Benjamin Franklin (January 17, 1706—April 17, 1790) was a scientist, an inventor, a writer, and a statesman. He helped draft the Declaration of Independence and the U.S. Constitution.
Benjamin Franklin was born January 17, 1706, in Boston, Massachusetts. At the time, Boston was known as the Massachusetts Bay Colony. Franklin learned to read at a young age. But when he was 10 years old, his father, Josiah, pulled him out of school to work in the family soap and candle shop. By the time he was 12, Franklin had grown restless. He dreamed of becoming a sailor. His father disapproved of the idea. Recognizing the boy’s love of books and reading, he sent him to work as an apprentice in a print shop run by Benjamin’s older brother James.
From his brother, Franklin learned the newspaper business. At the time, type was set letter by letter. Printing was done by hand, on a printing press. The work gave Franklin a deep appreciation for the careful construction of sentences. He also developed a talent for writing subversive political commentary. He would write in the voice of a fictitious townswoman, Silence Dogood. James Franklin eventually learned that the Mrs. Dogood essays he’d been publishing in the New-England Courant were really Ben’s. He was not amused. He resented his younger brother’s writing. Frequently, he subjected him to beatings. So at 16, Franklin set off for New York. He would eventually settle in Philadelphia, Pennsylvania.
Ambition and Invention
Franklin gained a reputation around Philadelphia for being an enterprising young man. In 1728, he teamed up with a friend to open a print shop. Before long, Franklin was running the business by himself. He printed pamphlets and books for the government. Within a couple of years, the Pennsylvania Colony named him its official printer. In 1729, Franklin bought the Pennsylvania Gazette. Under his leadership, it became the most popular newspaper in the American colonies. Franklin was at the center of a communications revolution. Print media, such as pamphlets and newspapers, were the central means of spreading the ideas that would eventually bring about the American Revolution.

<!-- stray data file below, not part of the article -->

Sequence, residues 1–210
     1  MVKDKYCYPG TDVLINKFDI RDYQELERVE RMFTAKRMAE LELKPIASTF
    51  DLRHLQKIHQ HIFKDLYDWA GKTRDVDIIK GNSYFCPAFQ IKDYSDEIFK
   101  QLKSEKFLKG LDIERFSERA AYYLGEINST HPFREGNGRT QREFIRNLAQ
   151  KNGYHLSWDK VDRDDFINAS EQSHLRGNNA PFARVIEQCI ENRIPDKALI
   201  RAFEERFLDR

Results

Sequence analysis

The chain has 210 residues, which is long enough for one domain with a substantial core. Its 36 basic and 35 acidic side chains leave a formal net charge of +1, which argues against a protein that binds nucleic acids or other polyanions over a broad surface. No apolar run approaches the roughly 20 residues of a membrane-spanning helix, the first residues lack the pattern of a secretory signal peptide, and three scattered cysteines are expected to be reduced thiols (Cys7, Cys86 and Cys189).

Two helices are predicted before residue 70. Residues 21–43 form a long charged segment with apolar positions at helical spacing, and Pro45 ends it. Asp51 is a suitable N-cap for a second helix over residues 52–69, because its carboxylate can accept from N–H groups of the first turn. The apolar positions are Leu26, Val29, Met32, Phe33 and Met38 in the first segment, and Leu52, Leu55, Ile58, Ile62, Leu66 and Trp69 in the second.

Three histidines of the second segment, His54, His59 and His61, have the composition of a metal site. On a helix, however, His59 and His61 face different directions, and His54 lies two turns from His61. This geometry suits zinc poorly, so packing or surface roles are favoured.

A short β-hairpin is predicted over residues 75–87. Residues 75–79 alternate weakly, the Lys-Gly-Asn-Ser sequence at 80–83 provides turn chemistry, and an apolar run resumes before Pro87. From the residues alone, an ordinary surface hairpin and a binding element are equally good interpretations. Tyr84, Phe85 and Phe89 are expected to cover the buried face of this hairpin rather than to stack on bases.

Franklin believed in the importance of an informed citizenry. Each week, he gathered a group of like-minded men to discuss philosophy, morals, and civic virtue. The group was nicknamed the Junto. Its members also shared books and started a subscription library.
Franklin’s success in publishing grew following the introduction of Poor Richard’s Almanack. It was issued yearly beginning in 1732. In the voice of Richard Saunders, Franklin offered weather forecasts, poetry, information on astronomy, and other amusements. The almanac was particularly famous for Franklin’s folksy proverbs. These included “No gains without pains” and “Early to bed, early to rise, makes a man healthy, wealthy, and wise.” The book sold an average of 10,000 copies a year.
By 1748, Franklin had become one of Pennsylvania’s wealthiest citizens. He retired from the printing business and devoted himself to scientific pursuits. His kite-and-key experiment of 1752 showed without a doubt that lighting was electricity. He invented the lightning rod and came up with scientific terms, including battery and electrify. He also invented bifocal eyeglasses and what is thought to have been the first rocking chair.
In 1751, Franklin was elected as a representative to the Pennsylvania Assembly. He was reelected every year until 1764. In 1765, tensions began to rise between the colonies and Britain after Parliament passed the Stamp Act. The act placed a tax on all materials printed for business and legal matters in the colonies. At the time, Franklin was living in London, England, as Pennsylvania’s agent. He appeared before Parliament to condemn the tax. This helped to bring about its repeal in 1766.
Franklin was elected to the Second Continental Congress in 1775. He had gained insight from his earlier dealings with British Parliament. It was partly based on his advice that Congress voted to separate the colonies from English rule in 1776. Franklin joined the committee to draft the Declaration of Independence. He made key changes to Thomas Jefferson’s first draft. He then traveled to France. There, he negotiated a treaty that would ensure France’s military and financial support for the fledgling United States of America. Franklin and his colleagues John Adams and John Jay negotiated the terms of peace with Britain, leading to the Treaty of Paris, in 1783. The treaty ended the American Revolutionary War and led to the establishment of the United States as an independent nation.
In 1787, Franklin represented the state of Pennsylvania at the Constitutional Convention, which drafted and ratified the U.S. Constitution. At 81, he was the oldest of the gathering’s 55 delegates. Later, Franklin was president of the Pennsylvania Society for Promoting the Abolition of Slavery. Though he once owned a slave, Franklin wrote to Congress in 1790, urging for the abolition of slavery in the U.S.
Franklin died on April 17, 1790, in Philadelphia, Pennsylvania. He was 84 years old. His memoirs were published the following year. Today they are known as The Autobiography of Benjamin Franklin.